Hellcat - her nickname these past 30 or 40 years for a host of reasons, ranging from driving habits to a bluntness of expression which can shock and amuse with equal force - was a speech pathologist who had spent four years in England coping with children banged into aphasia and worse by the Blitz. By the summer of 1953 she had spent three years more dealing with southern New Englanders too addled by proprieties to let their afflicted children be seen on the street. They were kept, she said, in back rooms and "hot third floor tenement attics," and sitting on an Oak Bluffs beach one afternoon in 1952, her children playing in the wash, she decided enough was enough; it was time to create a place where, if only for a few weeks, "they could be brought into the light."

"You must be mad to think of it," the director of the Fall River Cerebral Palsy Training Center said to her after she took him through the plan, which dignifies the word "plan" to a degree it plainly didn't deserve. But he had dealt with Helen Lamb for two years and knew it was useless to oppose her. Just so long as she didn't send him any bills, he said, and it is a measure of either his own bravery or perhaps his indifference that he let six of his charges go with her for the first time to a tiny Camp Ground cottage in Oak Bluffs and spend God knows how much time there doing God knows what.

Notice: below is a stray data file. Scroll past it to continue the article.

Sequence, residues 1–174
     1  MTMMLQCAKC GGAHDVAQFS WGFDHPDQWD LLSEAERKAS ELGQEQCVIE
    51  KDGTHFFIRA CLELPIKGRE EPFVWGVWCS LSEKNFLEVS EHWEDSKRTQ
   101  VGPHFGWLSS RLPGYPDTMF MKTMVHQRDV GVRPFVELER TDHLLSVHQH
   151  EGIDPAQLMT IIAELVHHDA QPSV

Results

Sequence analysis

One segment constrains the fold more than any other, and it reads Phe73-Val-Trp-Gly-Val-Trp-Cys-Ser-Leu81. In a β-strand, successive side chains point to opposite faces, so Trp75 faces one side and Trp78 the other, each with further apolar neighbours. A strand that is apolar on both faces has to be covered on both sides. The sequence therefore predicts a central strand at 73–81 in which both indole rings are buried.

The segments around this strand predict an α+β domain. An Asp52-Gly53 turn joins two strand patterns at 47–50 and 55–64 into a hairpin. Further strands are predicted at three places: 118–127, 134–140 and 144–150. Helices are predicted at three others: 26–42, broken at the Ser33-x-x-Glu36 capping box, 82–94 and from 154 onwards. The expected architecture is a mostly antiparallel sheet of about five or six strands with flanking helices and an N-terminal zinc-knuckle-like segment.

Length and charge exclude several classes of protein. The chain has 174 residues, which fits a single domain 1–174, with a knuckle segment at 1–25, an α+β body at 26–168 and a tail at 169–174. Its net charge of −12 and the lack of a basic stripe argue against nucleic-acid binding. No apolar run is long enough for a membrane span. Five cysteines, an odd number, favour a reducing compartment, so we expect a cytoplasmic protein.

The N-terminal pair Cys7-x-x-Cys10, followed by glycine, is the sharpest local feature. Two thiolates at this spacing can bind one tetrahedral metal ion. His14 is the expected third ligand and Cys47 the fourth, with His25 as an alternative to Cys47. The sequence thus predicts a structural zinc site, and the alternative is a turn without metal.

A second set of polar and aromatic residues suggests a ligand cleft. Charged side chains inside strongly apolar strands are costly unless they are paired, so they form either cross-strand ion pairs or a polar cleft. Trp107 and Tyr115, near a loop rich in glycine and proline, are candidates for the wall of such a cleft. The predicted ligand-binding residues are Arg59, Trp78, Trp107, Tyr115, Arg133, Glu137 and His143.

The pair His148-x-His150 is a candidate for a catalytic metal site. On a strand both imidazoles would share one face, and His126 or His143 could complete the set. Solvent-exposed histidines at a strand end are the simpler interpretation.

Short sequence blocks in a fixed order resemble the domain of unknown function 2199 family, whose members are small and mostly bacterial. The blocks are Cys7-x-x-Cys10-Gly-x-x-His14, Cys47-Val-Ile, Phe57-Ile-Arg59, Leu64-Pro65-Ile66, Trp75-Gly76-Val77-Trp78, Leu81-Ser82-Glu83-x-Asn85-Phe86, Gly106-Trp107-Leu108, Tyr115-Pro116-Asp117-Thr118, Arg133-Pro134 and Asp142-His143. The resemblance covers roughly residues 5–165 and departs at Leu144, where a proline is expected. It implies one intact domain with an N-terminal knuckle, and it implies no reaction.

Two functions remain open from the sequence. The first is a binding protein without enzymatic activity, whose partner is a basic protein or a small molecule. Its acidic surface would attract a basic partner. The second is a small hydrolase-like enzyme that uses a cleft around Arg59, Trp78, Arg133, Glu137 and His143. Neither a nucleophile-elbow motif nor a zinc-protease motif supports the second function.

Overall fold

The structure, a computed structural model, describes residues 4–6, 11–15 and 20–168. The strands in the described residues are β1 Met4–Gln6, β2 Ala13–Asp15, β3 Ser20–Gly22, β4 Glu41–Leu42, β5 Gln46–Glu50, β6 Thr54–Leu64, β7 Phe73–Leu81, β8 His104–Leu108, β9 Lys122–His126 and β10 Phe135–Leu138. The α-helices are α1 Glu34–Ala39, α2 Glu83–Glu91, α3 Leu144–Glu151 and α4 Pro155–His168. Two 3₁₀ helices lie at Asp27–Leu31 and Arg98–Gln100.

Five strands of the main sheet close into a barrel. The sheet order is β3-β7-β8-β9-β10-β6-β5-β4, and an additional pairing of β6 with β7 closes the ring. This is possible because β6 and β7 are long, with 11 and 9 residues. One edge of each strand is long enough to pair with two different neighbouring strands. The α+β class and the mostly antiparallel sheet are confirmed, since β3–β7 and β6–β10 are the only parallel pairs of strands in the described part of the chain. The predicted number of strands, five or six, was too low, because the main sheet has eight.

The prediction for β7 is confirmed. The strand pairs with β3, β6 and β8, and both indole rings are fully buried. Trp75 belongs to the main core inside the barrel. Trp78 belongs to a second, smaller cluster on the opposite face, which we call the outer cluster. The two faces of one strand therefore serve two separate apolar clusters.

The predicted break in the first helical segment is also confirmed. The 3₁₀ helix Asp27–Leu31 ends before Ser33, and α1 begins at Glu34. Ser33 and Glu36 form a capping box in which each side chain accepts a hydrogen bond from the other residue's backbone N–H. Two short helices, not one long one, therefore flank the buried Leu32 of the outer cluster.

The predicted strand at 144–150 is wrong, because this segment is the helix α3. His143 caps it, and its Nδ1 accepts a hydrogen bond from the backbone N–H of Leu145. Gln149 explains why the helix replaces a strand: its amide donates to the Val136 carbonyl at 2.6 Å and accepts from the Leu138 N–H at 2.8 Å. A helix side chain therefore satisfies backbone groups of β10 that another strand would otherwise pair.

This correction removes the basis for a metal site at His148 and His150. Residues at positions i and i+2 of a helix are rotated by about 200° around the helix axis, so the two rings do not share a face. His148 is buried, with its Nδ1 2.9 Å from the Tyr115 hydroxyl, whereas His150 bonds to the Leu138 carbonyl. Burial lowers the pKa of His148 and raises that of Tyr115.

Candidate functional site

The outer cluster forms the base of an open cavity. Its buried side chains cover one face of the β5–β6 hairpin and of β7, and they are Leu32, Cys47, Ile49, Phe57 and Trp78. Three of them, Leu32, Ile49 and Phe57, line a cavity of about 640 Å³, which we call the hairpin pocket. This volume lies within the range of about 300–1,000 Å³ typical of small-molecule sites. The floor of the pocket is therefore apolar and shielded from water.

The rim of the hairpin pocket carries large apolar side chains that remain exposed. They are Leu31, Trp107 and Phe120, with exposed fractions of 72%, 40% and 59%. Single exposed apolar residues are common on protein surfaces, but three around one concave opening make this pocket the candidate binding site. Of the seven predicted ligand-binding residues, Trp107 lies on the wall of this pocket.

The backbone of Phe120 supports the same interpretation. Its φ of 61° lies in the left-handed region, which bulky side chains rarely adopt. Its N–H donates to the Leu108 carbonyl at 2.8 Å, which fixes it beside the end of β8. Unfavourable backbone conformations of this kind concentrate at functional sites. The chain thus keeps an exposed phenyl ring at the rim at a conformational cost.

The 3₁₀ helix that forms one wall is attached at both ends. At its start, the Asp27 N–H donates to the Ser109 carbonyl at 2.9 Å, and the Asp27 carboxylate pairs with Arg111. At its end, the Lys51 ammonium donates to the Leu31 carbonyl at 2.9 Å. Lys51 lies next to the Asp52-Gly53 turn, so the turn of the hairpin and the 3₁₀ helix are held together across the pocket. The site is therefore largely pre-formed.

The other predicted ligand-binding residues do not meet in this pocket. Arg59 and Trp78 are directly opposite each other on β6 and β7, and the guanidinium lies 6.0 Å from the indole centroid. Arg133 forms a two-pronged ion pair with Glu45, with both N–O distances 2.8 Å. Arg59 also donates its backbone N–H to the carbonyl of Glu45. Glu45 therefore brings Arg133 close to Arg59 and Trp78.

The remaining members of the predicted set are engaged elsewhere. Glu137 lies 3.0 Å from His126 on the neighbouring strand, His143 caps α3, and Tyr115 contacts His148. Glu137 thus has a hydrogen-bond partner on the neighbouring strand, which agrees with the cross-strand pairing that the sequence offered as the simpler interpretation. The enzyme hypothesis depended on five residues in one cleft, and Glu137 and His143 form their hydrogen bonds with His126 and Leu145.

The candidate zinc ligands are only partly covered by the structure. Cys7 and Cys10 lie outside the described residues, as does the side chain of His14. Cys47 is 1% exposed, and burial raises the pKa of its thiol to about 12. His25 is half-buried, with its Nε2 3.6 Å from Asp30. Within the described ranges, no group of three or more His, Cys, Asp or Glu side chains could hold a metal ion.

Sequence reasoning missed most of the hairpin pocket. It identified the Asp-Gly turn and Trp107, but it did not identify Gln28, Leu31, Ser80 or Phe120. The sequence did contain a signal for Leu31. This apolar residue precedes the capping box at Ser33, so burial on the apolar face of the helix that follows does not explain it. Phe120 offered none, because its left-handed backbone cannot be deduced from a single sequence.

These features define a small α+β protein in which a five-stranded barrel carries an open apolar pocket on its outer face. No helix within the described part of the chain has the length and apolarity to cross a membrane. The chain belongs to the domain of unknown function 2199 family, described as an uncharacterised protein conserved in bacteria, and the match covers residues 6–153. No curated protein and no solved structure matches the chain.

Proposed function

"I don't know a whole lot about the Bible," her daughter Gillian Butchman told me in 1991, in the first of a clutch of startlingly frank things that Jabberwockians would say to describe each other that month (and this was a daughter talking about her mother): "but I used to go to bar mitzvahs a lot, and Jacob is the chap that God chose as Israel. Jacob was a thief and a cheat and a liar. But Jacob got things done. In a funny way, that sort of reminds me of Hellcat: Whatever needed to be done to make this happen was going to be done."

One of the first stories I heard about Hellcat was the time she went to an Edgartown cocktail party during the early years, waited until the evening began to feel suitably oiled up and sentimental, and then began to make the rounds, telling the swells the sad story of her crippled children. At first light the next day she and a counselor banged on the doors of those who had signed surprisingly generous pledge cards the night before and began collecting the donations from bleary-eyed partygoers, in cash.